This is the first post of a new column I am calling Sustainability and Bullshit. Bullshit (BS) is my term for statements, texts, propositions, on sustainability or ESG in a broad sense that cannot be tested for truth by the reader with a reasonable or rational effort. This definition of BS is based on that of Princeton sociologist Harry G. Frankfurt.
I will present examples in this column that – it is important to me! – could be BS. I am not saying that they are. But they already have the flavor of BS if, as in many cases, they defy scrutiny because one encounters contrary and contradictory statements on the web with every further step in one’s research, or because the place and timing of publication (e.g., near or in promotional contexts) suggests that something is not quite right with the statement or text. Excluded from this are counterintuitive statements that contradict the beliefs of David Volksmund and yet are true.
My daughter brought me a magazine from the organic supermarket cornershop, an Austrian product called Biorama, which comes across differently from the advertising brochures one usually sees (more on this below). On P. 33pp is an article*, which already due to its presentation e.g. the first side with nothing but a slogan, which looks like advertising: “Packagings from plastic harm the climate. Glass or paper are better for the environment.” Smaller font: “Do you think so? If you haven’t been taken in by a fairy tale …”. Then on the next page, the statement: “The fact is: most packaging made of plastic has less impact on the climate than the alternatives made of glass or metal.” In the style of an informative article, a few statistical figures are listed, but without sources. Among other things, it says that packaging accounts for only one percent of our climate footprint, there’s a “Did you know that …” section, and also the note “Support recycling. Dispose of plastic packaging properly.”
Who is the author of the article? Is it an article from the magazine Biorama, or is it an advertising contribution in disguise from the plastics industry? If the latter were the case, then the article would have to be marked as advertising, which is not the case. On the other hand, in a magazine with well-researched, in most cases non-promotional articles, it is noticeable that this article was either poorly researched because it does not contain any sources, or it is not an editorial article at all.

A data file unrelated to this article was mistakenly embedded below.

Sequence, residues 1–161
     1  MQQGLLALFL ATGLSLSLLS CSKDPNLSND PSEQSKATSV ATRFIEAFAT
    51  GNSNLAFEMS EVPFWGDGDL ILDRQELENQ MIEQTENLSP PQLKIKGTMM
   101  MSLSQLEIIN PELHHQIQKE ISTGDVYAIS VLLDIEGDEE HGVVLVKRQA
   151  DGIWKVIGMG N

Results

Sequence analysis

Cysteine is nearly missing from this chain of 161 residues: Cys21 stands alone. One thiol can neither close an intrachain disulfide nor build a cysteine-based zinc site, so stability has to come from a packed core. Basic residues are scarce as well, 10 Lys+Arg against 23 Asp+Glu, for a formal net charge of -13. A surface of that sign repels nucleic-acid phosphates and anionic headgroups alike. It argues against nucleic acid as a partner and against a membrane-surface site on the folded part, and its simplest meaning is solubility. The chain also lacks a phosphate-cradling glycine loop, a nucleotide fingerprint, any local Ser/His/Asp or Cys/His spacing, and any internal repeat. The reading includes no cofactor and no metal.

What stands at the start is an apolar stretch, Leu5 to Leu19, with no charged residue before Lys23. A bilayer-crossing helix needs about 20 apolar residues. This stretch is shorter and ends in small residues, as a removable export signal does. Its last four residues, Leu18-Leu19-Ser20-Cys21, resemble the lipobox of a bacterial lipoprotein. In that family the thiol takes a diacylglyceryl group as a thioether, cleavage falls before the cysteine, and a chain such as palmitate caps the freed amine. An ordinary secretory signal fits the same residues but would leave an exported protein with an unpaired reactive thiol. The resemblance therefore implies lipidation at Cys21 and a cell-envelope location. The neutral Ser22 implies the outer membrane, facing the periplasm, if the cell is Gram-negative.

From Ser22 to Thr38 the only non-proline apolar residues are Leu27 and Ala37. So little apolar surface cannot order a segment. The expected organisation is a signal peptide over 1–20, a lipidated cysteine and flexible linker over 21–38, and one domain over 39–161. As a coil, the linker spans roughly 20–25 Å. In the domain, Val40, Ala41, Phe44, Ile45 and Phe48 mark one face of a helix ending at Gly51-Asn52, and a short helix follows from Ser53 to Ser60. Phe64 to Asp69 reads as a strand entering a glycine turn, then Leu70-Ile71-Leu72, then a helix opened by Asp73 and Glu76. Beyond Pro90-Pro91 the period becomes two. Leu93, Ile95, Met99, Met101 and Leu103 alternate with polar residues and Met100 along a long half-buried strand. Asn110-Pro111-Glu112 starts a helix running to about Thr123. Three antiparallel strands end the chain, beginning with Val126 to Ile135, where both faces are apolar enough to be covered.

It doesn’t matter to me whether plastic packaging really has a smaller footprint than glass or metal packaging. That may be so. What bothers me is that the article is not clearly identifiable as a promotional piece from the plastics industry, i.e., presumably bullshit, or an editorial piece.
Consumer education is a key element in enforcing sustainability. Precisely because many issues are complex, and in many cases, there can also be no clear decision in favor of one or the other behavior or process, it is important that the places where consumers are informed are kept free of greenwashing or camouflage motives of conventional industries. Therefore, if the post is targeted “information” from the plastic packaging industry, Biorama, if only in its own interest, should take care to label the post as an advertising post. If it is not an advertisement from the plastic packaging industry, then the article is poorly researched and does not belong in a magazine that deliberately puts sustainable life style on the cover page.
*Unfortunately, the article is not available in English. As greenwashing is a global universal, the article as such is of less relevance than what it (presumably) stands for: bullshitting consumers.